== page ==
Loki and Scarlet Witch won’t be the only characters from the Marvel Cinematic Universe to make the leap from the big screen to the Disney+ streaming service. Avengers teammates Falcon and the Winter Soldier are also getting their own show — appropriately titled The Falcon and the Winter Soldier.
Marvel franchise actors Anthony Mackie and Sebastian Stan will reprise the roles of Falcon and Winter Soldier, respectively, for the live-action series set within the MCU. Due to production delays caused by the coronavirus pandemic, The Falcon and the Winter Soldier is scheduled to premiere in 2021, long after the original August 2020 release date that was initially announced for the series. Here’s everything we know so far.
Super Bowl trailer
Our first extended look at The Falcon and the Winter Soldier came during Super Bowl LV. Check it out below.
Exclusive first look
At Disney’s 2020 Investor Day, Marvel Studios released an exclusive first look at the upcoming series. Check it out.
— Marvel Studios (@MarvelStudios) December 11, 2020
Premiere date unknown
Although former Disney CEO Bob Iger initially said The Falcon and the Winter Soldier would premiere in August 2020, the coronavirus pandemic has thrown that schedule into limbo.
In July, Disney released its schedule of programming for Disney+ in August, and The Falcon and the Winter Soldier was nowhere to be seen on the list. A few months later, Disney+ updated its own listing for the series and indicated that it’s “coming in 2021.” Exactly when in 2021 the show will premiere remains unknown.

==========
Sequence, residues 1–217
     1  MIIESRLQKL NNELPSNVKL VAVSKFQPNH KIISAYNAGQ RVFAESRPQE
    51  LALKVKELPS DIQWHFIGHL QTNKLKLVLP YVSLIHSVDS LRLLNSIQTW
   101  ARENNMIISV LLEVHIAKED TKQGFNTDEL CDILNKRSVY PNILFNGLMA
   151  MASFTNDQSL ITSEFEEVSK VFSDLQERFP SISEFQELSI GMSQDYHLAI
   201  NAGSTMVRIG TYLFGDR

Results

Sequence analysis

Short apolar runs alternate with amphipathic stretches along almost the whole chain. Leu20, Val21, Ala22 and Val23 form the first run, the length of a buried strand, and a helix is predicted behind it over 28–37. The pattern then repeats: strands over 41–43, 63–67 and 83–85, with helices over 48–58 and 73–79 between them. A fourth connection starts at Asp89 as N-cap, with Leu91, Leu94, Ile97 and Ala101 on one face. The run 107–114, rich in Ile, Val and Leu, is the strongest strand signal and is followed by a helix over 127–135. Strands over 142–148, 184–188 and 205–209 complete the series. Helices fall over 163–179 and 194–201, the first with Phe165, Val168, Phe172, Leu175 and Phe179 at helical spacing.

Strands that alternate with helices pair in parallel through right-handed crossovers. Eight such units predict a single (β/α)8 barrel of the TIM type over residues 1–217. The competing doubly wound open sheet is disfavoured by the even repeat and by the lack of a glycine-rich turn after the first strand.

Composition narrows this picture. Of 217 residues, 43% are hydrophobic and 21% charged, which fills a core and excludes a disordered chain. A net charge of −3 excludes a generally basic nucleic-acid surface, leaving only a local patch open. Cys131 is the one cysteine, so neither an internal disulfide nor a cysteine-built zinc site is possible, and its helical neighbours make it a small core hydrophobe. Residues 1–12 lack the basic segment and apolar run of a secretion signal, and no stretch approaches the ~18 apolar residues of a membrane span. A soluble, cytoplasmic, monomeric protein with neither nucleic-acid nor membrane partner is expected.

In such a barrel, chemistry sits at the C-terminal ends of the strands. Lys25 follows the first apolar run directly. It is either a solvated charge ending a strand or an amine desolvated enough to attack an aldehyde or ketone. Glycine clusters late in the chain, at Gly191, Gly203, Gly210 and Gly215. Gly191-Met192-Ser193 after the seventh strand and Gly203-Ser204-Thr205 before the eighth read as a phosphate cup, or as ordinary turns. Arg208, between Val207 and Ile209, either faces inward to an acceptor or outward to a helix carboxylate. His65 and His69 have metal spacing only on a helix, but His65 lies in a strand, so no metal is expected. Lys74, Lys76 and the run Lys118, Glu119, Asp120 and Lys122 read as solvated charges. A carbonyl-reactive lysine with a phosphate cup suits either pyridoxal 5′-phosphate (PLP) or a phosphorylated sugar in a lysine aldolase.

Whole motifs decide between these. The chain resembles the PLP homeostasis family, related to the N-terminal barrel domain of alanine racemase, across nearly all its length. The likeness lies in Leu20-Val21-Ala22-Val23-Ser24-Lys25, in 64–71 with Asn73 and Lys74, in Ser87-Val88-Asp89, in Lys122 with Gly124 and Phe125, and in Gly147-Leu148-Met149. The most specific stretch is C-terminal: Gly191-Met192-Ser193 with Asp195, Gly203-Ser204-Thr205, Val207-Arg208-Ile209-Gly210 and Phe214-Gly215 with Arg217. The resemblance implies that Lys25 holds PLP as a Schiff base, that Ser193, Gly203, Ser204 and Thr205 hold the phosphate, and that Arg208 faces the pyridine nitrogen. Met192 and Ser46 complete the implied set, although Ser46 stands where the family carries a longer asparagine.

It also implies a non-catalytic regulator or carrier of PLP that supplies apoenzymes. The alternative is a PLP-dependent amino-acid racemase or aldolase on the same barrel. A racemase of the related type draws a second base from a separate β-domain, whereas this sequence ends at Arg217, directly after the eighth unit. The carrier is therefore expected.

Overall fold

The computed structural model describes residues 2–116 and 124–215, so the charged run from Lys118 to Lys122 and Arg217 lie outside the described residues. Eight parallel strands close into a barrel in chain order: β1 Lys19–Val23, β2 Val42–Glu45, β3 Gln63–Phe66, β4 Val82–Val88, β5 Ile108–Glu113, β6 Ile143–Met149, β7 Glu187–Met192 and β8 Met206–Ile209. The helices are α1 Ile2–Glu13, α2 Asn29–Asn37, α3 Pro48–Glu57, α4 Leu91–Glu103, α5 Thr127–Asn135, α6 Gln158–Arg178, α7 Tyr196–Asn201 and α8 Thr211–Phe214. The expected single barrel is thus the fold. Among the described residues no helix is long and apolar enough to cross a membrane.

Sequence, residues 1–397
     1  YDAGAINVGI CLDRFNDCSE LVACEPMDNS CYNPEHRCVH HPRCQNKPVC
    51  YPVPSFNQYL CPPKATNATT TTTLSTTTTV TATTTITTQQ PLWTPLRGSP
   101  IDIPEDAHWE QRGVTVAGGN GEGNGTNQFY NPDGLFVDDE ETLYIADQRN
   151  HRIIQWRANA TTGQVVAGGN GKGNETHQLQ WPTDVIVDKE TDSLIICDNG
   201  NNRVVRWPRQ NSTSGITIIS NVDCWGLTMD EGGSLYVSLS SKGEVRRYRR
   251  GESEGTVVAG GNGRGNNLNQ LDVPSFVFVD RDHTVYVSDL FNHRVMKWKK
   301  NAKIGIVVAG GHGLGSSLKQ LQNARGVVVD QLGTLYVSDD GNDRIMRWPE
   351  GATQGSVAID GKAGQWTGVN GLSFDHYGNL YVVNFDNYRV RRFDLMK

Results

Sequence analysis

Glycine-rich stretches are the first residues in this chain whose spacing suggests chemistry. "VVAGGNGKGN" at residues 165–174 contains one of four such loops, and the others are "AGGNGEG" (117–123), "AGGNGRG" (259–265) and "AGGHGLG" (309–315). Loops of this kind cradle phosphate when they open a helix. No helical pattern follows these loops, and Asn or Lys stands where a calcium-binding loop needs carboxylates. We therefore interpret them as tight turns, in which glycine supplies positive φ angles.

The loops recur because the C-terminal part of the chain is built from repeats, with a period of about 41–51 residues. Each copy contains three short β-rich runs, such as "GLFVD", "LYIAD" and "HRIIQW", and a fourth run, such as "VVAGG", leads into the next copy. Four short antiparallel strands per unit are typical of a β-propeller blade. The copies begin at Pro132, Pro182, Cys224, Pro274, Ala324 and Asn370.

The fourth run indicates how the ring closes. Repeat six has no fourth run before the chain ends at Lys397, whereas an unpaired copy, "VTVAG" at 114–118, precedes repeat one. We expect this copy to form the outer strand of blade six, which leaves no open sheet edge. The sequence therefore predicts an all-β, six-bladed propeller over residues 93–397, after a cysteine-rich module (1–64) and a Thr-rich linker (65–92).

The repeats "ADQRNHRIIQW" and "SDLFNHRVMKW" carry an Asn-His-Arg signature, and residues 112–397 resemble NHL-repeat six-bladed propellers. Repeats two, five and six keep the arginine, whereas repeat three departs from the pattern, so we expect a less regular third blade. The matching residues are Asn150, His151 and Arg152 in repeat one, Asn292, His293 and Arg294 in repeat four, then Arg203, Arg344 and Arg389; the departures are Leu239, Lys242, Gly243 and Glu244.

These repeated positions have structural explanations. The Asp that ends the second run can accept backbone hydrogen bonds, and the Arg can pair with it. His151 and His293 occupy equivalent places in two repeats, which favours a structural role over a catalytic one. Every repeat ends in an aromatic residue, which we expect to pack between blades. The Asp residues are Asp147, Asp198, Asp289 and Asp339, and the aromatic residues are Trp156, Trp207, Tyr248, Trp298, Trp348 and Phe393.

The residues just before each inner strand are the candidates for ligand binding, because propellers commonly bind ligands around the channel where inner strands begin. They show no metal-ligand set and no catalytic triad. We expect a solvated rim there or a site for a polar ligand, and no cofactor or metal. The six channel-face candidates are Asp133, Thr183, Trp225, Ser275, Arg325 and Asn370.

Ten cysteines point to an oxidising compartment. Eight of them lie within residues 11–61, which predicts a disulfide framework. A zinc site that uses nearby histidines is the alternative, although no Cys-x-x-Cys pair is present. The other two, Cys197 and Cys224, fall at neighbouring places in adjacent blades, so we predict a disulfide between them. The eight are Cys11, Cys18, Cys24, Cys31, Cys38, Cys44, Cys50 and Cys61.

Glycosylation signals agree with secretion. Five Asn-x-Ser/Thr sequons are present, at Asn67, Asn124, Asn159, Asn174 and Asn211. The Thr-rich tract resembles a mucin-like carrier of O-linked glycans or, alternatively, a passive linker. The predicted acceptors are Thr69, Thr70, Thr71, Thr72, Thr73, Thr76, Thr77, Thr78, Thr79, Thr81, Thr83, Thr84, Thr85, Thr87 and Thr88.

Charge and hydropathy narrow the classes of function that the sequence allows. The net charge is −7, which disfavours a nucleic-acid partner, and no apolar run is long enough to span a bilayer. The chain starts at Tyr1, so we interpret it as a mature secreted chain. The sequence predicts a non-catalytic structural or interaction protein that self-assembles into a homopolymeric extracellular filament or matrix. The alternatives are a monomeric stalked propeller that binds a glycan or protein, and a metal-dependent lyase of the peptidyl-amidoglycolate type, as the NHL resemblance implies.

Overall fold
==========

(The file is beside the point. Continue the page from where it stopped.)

An X-Men tie-in?
A Murphy’s Multiverse report suggests that a June set photo from The Falcon and the Winter Soldier depicts a re-creation of Madripoor, the fictional Southeast Asian island from Marvel comics that’s often described as a haven for criminals.
Madripoor em novas imagens de THE FALCON AND THE WINTER SOLDIER. pic.twitter.com/QRRN64MLu7
— N. Marvel #WandaVision (@NacaoMarvell) May 8, 2020
The report explains that the photo was taken during shoots in Griffin, Georgia, in which a biker gang harasses the show’s titular heroes. What’s more intriguing, however, is the logo on one actor’s jacket. MCU Direct notes that it bears a striking resemblance to X-Men villain Ogun, a deadly ninja and chief antagonist of the Kitty Pryde and Wolverine miniseries.
We were all excited by recent news Paul Bettany had to cancel a July comiccon due to WandaVision filming. I've just learned that #Loki and #FalconAndtheWinterSoldier are also expected to continue filming in July. This is a new source for me & I must keep it anon but I believe it! pic.twitter.com/nayj453ZaI
— Liz (@MsLizzieHill) June 5, 2020
Production in the Czech Republic was paused due to coronavirus concerns, according to a Deadline report. The cast and crew returned to Atlanta after Disney halted production on March 10. According to entertainment reporter Liz Hill, The Falcon and the Winter Soldier has now been cleared to resume filming in July. Disney never confirmed the report, however.
Instead, it wasn’t until September 15 that we had true confirmation that The Falcon and the Winter Soldier is in fact back in production, well after its initially planned August release date. Anthony Mackie released this photo from the socially distant set:
— Anthony Mackie (@AnthonyMackie) September 15, 2020
TV made like a movie
In an in-depth interview with The Hollywood Reporter, star Sebastian Stan revealed some new details about The Falcon and the Winter Soldier and offered some context about what to expect when the series hits Disney+ this summer.
“In a lot of ways, it felt like a movie,” Stan said of the production process. “What I loved about it was that, tonally, it was very much in the same world that Captain America: The Winter Soldier was, which was one of my favorite experiences that I’ve ever had, period. So, in a sense, it was grounded and very much in the world as we know it. But, it’s also really jam-packed with a lot of massive, massive action scenes mixed with deep focus on character. These characters are getting so much more mileage for all of us to explore them. We can put them in situations that we’ve never been able to put them in before because you now have six hours as opposed to two.”